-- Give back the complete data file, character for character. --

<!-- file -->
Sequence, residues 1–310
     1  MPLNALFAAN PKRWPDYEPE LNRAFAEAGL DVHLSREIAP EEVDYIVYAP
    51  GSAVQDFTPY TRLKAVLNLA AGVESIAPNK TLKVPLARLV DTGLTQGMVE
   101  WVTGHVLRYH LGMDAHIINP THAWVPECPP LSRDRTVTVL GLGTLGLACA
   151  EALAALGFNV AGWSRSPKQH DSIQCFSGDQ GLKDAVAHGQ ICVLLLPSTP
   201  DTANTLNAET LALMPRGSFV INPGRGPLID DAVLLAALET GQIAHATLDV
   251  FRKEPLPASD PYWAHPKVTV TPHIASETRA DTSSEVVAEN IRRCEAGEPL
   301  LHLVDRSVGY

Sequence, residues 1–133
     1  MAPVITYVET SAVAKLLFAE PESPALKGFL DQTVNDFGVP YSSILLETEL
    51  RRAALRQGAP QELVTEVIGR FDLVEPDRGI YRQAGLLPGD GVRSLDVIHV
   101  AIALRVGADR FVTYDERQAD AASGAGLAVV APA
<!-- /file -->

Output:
Sequence, residues 1–310
     1  MPLNALFAAN PKRWPDYEPE LNRAFAEAGL DVHLSREIAP EEVDYIVYAP
    51  GSAVQDFTPY TRLKAVLNLA AGVESIAPNK TLKVPLARLV DTGLTQGMVE
   101  WVTGHVLRYH LGMDAHIINP THAWVPECPP LSRDRTVTVL GLGTLGLACA
   151  EALAALGFNV AGWSRSPKQH DSIQCFSGDQ GLKDAVAHGQ ICVLLLPSTP
   201  DTANTLNAET LALMPRGSFV INPGRGPLID DAVLLAALET GQIAHATLDV
   251  FRKEPLPASD PYWAHPKVTV TPHIASETRA DTSSEVVAEN IRRCEAGEPL
   301  LHLVDRSVGY

Sequence, residues 1–133
     1  MAPVITYVET SAVAKLLFAE PESPALKGFL DQTVNDFGVP YSSILLETEL
    51  RRAALRQGAP QELVTEVIGR FDLVEPDRGI YRQAGLLPGD GVRSLDVIHV
   101  AIALRVGADR FVTYDERQAD AASGAGLAVV APA